IBSEN, Henrik (1828-1906). Peer Gynt. Et dramatisk digt. Copenhagen: J.H. Schultz for Gydendalske Boghandel (F. Hegel), 1867.
8° (171 x 112mm). Half-title. Woodcut publisher's device on title. (Occasional light spotting or finger-marking, 12/4 lightly creased.) Original gilt purple cloth, covers with blind-stamped borders, upper cover titled in gilt, lower with central blind-stamped publisher's device, spine decorated and lettered in gilt, glazed white endpapers, gilt edges (extremities lightly rubbed, small marks on covers, spine a little faded, short splits on hinges). Provenance: 'Thrine Hanssen , Juleaften [i.e. Christmas Eve] 1867' (inscription on upper flyleaf).
FIRST EDITION IN ORIGINAL CLOTH. Ibsen's celebrated dramatic poem which 'ranks still higher than any of his "realistic" plays, and may be mentioned in the same breath as such literary treasures as Hamlet, Faust, and Don Quixote' (Francis Bull 'Ibsen -- the Man and the Dramatist', in: Anker Minneutstilling, pp.13-14). Ibsen appears to have started writing Peer Gynt on 14 January 1867 (the date inscribed on the manuscript) while in Rome, and continued working on it throughout 1867 in Rome and Ischia, completing the work on 14 October. He posted it to his publisher Hegel on 18 October and it was published on 14 November 1867. Initially it enjoyed great success; 'Hegel sent word [to Ibsen] that the first edition of 1,250 copies had sold out almost at once, and that a second edition of 2,000 was in the press' (M. Meyer Henrik Ibsen (London: 1967-71), II, p.69). However, a series of hostile reviews, coupled with the dislike of such figures as Hans Christian Andersen -- 'Ibsen is repellent to [Andersen ...] and Peer Gynt the worst that he has read' as Edvard Grieg wrote (Meyer, op. cit., p.70) -- had an adverse effect on sales of the work, and the second edition was not exhausted until 1874.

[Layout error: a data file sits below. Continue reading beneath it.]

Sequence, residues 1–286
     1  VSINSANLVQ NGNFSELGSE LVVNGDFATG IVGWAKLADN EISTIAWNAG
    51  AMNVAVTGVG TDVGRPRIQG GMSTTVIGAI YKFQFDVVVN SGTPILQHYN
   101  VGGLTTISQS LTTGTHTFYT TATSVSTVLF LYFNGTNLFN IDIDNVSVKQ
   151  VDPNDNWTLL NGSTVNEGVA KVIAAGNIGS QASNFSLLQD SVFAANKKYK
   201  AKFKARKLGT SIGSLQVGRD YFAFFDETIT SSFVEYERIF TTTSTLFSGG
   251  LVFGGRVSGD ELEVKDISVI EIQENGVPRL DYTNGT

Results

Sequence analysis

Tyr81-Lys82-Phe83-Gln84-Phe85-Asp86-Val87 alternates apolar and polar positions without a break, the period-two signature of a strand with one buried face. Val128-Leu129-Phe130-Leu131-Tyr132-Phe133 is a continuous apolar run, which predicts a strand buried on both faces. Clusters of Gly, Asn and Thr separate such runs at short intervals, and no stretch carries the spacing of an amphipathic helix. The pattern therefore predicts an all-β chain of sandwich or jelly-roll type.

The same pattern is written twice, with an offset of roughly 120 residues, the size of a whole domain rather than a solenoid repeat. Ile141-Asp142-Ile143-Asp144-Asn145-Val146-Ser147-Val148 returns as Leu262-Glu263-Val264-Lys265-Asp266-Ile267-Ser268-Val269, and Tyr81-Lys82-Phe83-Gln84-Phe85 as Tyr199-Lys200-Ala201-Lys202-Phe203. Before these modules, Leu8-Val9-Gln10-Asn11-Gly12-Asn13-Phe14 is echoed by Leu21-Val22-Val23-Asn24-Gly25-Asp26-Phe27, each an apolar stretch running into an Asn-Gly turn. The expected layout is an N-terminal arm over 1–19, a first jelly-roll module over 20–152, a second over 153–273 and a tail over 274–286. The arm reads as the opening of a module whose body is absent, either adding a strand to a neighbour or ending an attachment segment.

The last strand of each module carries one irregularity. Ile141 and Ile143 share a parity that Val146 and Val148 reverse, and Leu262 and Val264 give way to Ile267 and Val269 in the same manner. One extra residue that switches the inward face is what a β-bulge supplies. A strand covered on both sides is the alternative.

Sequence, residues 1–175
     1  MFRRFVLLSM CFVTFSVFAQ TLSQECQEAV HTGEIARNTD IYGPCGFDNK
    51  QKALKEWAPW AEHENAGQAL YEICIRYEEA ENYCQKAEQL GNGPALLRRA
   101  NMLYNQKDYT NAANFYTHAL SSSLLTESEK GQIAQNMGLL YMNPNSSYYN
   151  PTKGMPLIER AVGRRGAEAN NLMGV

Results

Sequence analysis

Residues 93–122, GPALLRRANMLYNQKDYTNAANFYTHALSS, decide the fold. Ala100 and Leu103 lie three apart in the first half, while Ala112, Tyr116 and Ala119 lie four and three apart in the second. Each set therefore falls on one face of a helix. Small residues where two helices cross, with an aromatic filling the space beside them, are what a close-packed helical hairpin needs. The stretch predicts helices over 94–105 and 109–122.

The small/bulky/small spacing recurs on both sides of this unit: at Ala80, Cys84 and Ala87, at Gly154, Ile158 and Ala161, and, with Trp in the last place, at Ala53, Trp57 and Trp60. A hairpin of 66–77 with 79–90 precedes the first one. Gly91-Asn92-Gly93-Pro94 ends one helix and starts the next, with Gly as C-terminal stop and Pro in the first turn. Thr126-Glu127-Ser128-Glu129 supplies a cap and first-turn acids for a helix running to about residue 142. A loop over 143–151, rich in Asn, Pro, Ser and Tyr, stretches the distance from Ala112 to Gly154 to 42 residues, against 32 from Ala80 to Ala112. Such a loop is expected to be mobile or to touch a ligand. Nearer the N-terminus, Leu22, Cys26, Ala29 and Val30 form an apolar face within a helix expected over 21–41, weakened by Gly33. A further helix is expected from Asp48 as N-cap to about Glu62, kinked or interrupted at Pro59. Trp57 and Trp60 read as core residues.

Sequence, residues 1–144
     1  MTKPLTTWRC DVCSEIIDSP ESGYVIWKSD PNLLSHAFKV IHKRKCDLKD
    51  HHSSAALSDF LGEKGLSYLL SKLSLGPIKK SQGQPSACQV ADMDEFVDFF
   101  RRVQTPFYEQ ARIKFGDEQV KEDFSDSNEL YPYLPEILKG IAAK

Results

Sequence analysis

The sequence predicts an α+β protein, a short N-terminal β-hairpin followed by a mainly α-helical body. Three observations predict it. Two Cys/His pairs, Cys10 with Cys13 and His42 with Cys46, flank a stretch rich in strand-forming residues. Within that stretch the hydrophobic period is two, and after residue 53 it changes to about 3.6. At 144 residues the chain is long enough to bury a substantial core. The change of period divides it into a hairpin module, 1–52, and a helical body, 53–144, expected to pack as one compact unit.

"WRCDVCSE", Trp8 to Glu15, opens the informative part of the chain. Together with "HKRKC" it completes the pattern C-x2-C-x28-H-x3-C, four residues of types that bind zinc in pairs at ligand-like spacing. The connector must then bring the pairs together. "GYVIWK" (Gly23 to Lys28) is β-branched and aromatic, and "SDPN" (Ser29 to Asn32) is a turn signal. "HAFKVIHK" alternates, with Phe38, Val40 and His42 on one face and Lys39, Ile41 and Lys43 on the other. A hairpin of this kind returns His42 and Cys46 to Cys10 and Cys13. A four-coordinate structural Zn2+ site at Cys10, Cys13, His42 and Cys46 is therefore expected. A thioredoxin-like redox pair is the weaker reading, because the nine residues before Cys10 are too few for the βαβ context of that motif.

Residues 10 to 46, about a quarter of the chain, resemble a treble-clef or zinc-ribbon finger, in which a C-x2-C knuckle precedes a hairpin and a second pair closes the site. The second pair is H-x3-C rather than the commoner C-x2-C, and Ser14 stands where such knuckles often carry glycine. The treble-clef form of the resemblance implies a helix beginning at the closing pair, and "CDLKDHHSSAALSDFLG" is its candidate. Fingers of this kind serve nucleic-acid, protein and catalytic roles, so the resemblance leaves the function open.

The first edition of 1,250 copies was issued in both cloth-covered boards (as here) and paper wrappers, and copies in either of these bindings are rare at auction; no copy of the work (in any binding) is recorded by ABPC since 1975, and in the same period Jahrbuch der Auktionspreise für Bücher ... lists only 4 copies, none in the original binding. This scarcity may arise from Ibsen's work being little known outside Scandinavia in the 1860s; for example, the first performance of a work by Ibsen in England (The Pillars of Society) did not take place until 1880, and his reputation was not fully established in this country until the proselytizing of William Archer, Edmund Gosse and George Bernard Shaw bore fruit in the late 1880s. Oeyvind Anker (ed.) Minneutstilling Henrik Ibsen 23. mai 1956 (Oslo: 1956) 168.